Like many families, my husband and I use a Dependent Care Flexible Spending Account to pay for childcare expenses. In our case, our two small children cost a lot. We employ a nanny to care for our younger child, who is too small yet for our chosen preschool, where we send our older child. So our childcare expenses are a combination of nanny pay and preschool tuition.
Our Dependent Care Flexible Spending Account (DCFSA) is provided via his employer. Here’s how it works: we ask his HR department to direct some of his salary into the account, and when we have a childcare expense we file a claim, and the amount of the claim comes to us in a check. At no point do we pay taxes on the money that is funneled through the DCFSA, meaning it gives us a tax break.
I’m thankful for the tax break, but there are a couple of issues with DCFSAs that lawmakers are working to fix:
First of all, there’s a limit for how much money we can put in a DCFSA. It’s $5000. That limit was established in 1986 and hasn’t been changed since. I don’t have to tell other families how woefully inadequate $5000 would be for a year’s worth of childcare. Most families spend more than that today. Thankfully, a bipartisan group of lawmakers recognizes this and has sponsored legislation to double the DCFSA limit to $10,000 per year. This would offer working families a bigger tax break on childcare, one of their largest household expenses.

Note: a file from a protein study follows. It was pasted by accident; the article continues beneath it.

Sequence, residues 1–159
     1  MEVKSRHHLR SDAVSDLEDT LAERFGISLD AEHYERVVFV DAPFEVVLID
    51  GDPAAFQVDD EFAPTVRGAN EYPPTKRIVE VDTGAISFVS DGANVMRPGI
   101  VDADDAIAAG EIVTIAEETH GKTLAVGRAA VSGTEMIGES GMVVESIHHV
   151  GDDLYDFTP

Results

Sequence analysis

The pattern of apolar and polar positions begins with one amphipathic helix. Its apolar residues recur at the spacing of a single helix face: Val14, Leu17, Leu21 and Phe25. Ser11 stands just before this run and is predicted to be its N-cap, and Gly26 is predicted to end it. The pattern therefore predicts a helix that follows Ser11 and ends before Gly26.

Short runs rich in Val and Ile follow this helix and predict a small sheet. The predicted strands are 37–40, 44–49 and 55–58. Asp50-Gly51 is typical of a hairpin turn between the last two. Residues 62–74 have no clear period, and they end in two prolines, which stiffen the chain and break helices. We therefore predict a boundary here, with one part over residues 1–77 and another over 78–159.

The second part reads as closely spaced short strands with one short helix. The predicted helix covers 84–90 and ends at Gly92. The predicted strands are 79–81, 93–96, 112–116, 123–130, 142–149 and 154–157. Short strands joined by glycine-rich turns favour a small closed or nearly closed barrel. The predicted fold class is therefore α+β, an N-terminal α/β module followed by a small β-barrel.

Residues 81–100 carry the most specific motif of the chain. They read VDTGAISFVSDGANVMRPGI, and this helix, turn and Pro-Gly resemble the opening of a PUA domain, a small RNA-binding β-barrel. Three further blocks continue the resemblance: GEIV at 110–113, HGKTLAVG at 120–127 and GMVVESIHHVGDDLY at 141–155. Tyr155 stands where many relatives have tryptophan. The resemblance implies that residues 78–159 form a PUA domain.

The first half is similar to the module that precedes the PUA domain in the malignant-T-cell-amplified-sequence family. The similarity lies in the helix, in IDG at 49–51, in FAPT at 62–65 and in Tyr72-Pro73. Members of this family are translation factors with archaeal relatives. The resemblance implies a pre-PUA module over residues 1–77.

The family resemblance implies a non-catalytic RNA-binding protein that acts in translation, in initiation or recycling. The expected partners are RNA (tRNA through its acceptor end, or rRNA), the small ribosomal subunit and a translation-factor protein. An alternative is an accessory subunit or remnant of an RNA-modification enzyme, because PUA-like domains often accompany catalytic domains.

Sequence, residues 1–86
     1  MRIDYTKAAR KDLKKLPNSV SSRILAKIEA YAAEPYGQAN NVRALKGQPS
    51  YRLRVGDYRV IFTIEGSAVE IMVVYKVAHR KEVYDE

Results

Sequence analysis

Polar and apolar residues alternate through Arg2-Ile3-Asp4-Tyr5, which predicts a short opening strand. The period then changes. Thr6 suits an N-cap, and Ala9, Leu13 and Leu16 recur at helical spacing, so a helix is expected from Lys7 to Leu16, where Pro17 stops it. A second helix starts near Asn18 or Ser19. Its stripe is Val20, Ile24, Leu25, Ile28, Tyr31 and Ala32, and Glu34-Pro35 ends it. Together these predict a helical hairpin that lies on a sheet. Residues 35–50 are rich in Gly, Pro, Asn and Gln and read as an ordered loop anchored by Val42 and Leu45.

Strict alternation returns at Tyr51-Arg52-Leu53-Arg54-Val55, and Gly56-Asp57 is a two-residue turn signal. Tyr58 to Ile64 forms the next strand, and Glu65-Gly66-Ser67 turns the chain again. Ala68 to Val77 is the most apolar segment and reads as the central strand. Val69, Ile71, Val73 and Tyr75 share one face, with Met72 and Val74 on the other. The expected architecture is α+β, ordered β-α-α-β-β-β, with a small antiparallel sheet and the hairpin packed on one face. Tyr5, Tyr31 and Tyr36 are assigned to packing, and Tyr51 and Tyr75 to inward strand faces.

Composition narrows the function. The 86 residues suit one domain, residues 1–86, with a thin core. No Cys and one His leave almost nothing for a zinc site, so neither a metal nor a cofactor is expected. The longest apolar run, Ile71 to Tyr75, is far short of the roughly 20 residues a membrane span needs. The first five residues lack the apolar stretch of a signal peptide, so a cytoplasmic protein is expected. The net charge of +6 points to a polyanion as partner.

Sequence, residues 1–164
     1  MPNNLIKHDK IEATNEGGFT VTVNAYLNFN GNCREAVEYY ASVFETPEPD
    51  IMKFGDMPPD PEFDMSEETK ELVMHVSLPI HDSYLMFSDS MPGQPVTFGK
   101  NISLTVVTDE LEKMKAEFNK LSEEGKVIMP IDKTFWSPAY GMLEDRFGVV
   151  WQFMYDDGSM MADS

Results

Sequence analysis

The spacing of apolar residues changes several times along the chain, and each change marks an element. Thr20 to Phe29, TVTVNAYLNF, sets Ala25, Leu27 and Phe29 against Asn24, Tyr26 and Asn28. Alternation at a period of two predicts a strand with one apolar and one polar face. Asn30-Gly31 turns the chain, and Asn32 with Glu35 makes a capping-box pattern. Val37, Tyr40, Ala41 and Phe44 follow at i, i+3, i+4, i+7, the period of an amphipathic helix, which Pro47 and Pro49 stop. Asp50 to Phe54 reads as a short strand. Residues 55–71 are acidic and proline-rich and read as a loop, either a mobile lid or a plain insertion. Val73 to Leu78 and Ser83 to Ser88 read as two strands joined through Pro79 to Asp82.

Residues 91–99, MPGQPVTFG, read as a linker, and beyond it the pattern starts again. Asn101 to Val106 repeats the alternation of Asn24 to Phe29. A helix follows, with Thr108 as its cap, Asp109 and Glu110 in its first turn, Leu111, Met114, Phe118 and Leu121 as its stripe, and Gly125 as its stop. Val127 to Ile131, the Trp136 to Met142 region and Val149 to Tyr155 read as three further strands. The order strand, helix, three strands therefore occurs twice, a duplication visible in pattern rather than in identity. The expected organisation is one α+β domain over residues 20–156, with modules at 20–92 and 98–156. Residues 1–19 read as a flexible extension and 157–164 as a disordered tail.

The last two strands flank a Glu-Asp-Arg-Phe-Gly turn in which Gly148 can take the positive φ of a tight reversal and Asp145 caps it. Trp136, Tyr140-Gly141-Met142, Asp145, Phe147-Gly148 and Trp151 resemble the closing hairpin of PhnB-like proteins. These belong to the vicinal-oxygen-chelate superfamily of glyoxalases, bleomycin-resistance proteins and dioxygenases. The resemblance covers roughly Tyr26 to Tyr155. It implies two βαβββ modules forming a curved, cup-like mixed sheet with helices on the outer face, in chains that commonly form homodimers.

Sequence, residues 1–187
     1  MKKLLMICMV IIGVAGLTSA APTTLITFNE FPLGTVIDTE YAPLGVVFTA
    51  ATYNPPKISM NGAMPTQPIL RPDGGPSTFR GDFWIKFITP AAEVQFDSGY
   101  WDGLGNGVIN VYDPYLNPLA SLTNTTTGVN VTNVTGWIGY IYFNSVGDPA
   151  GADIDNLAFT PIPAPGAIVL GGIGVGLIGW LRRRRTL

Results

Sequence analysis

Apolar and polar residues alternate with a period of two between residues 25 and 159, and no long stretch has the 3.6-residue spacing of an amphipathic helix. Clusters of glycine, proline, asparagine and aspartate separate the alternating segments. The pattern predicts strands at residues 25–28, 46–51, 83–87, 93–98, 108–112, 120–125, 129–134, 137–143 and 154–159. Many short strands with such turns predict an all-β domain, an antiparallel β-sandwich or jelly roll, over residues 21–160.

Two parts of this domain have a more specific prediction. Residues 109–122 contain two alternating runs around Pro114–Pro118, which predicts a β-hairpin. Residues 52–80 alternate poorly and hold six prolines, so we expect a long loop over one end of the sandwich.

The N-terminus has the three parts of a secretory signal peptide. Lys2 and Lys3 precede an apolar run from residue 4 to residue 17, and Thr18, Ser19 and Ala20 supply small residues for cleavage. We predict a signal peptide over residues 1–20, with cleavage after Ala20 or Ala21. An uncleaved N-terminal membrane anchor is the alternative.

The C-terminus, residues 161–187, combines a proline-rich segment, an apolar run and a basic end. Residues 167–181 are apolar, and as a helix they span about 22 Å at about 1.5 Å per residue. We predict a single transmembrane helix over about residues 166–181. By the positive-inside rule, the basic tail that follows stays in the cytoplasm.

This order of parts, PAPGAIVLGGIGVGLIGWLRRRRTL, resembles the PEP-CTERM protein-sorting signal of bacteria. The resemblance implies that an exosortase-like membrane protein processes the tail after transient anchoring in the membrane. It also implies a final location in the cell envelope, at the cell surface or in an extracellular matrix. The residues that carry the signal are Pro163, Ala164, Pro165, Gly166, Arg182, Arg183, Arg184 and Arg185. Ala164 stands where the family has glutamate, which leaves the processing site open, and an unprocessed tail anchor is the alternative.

- Secondly, DCFSA funds, like other FSA funds, are “use it or lose it.” This means that if we set aside $5000 for childcare expenses this year, but end up using (or claiming) less than that for some reason, we watch our money disappear at the end of the plan year. Sometimes plans change. This is especially true in 2020, as Americans grapple with the coronavirus pandemic. Most childcare facilities closed in response. Many Americans lost jobs and rearranged their childcare as a result. There’s now proposed legislation to allow families to “rollover” their 2020 FSA funds to 2021. This commonsense change would save many families the pain of losing unused childcare dollars in 2020 (in most cases for reasons outside of our control).
In my case, my daughter’s preschool closed mid-March and sent parents a partial tuition refund for the end of the school year. My son’s nanny wasn’t sure if she should keep working for us during our state’s shelter-in-place period, but she did, thankfully, which allowed me to continue working. So we will still easily use our FSA funds this year. We are thankful that both my husband and I still have our jobs.
But many, many families are not in this situation. It’s past time to reform FSAs and make them more useful for modern working families.
To read more about the proposed bills mentioned above, click here.
To read more about how to structurally reform FSAs, click here.